AMSTERDAM, March 8 (Reuters) - ING outraged Dutch politicians and unions in the Netherlands on Thursday with a proposal to increase the pay of the bank’s chief executive Ralph Hamers by 50 percent.
Dutch Finance minister Wopke Hoekstra said the rise was “excessive”, while members of parliament called for a public hearing to hold ING chairman Jeroen van der Veer to account.
51-year old Hamers, who has led ING since October 2013, will receive the extra pay in the form of ING shares worth 50 percent of his base salary of 1.75 million euros ($2.17 million). He received a total of almost 2 million euros in 2017.
Dutch politicians have tried to limit pay for bank executives since the financial crisis, including by limiting performance bonuses to a maximum of 20 percent of base salaries.
Labour union CNV said ING’s willingness to pay Hamers 50 percent more is “absurd”, as the bank is only offering its other employees a general pay rise of 1.7 percent this year.
Former Shell CEO van der Veer, however, said Hamers had been underpaid for years. “We have postponed this decision time and again, but decided to make a big step now”, he said in an interview with Dutch financial daily Het Financieele Dagblad.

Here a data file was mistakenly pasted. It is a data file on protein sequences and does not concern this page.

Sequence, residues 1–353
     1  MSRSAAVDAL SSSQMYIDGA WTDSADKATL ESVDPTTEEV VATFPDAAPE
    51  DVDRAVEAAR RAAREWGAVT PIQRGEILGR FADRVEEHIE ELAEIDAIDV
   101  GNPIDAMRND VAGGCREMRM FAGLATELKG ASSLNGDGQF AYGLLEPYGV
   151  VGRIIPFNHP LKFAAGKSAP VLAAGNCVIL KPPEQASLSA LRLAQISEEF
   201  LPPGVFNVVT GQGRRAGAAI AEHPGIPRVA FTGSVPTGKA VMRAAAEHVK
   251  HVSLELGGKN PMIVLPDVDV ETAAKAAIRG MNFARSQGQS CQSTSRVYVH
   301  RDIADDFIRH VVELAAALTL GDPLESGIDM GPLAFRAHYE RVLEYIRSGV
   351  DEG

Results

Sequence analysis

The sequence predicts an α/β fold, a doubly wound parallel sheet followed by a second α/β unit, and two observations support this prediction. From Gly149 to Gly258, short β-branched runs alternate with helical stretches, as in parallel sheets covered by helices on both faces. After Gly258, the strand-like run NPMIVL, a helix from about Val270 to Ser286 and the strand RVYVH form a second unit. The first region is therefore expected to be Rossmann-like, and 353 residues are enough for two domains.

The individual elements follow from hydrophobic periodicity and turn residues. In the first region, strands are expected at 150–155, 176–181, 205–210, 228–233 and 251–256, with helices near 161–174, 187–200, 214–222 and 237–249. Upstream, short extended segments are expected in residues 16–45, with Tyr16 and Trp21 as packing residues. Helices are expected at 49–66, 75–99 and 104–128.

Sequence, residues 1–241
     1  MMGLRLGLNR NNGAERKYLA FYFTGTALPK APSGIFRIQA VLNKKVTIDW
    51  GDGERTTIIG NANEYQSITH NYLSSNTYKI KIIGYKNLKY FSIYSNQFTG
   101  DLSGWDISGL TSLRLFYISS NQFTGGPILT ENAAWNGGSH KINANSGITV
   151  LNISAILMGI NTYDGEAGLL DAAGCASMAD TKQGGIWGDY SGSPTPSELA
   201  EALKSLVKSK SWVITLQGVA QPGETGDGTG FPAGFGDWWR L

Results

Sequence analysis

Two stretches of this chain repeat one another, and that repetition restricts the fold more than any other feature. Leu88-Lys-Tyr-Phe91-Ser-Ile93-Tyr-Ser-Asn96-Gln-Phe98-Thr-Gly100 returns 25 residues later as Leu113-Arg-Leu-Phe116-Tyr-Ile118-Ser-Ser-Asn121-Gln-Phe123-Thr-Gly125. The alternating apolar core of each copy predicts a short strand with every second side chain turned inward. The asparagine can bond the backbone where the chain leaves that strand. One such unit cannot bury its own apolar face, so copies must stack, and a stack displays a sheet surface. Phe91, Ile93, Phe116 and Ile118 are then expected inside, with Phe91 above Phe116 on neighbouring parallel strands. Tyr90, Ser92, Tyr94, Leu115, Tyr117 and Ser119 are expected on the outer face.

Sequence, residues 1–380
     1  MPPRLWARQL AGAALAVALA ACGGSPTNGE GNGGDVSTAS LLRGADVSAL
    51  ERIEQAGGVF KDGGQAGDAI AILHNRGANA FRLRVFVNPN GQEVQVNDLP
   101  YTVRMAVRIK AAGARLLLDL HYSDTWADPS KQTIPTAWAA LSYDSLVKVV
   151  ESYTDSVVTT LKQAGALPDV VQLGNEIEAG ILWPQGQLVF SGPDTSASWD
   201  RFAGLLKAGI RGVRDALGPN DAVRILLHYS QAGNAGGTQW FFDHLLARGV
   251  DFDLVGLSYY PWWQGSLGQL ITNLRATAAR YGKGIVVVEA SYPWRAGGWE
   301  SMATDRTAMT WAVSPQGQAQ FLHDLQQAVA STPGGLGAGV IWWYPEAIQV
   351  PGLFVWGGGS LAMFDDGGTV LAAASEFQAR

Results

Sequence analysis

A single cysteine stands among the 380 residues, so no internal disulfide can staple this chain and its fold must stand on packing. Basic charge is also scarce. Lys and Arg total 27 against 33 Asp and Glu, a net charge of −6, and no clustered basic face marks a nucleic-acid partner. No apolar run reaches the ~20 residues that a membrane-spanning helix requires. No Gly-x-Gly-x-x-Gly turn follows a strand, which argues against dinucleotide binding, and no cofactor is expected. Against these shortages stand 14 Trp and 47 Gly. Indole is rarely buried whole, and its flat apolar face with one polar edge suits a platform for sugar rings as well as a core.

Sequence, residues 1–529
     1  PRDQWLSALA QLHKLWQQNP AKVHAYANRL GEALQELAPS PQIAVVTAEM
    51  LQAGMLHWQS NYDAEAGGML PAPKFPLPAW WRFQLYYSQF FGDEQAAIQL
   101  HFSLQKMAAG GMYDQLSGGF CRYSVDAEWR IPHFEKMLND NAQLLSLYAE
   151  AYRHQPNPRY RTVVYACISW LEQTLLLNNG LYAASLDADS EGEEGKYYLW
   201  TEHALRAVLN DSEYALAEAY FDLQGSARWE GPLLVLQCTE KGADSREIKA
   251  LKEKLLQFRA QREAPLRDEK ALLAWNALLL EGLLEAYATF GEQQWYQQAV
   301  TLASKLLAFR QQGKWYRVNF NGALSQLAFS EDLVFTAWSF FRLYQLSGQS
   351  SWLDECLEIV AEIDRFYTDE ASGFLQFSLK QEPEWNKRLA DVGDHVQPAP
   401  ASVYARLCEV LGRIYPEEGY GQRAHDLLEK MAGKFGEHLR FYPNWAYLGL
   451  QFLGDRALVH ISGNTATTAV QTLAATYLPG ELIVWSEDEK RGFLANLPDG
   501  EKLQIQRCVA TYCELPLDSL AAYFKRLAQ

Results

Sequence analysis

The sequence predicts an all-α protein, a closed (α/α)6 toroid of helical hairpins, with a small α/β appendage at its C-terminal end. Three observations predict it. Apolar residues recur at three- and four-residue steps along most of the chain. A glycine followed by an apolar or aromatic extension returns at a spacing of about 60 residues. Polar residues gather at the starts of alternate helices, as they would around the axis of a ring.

ING said the increased pay will rank the bank 44th among the companies in the Euro Stoxx 50 in terms of CEO pay.
Hamers’ base salary will be 2 percent higher than last year, and he will be required to hold on to the shares for at least 5 years. He can lift his total pay to 3.05 million euros by meeting certain targets.
Shareholders will vote on the supervisory board’s proposal at their annual meeting on April 23. ($1 = 0.8078 euros) (Reporting by Bart Meijer Editing by Alexander Smith)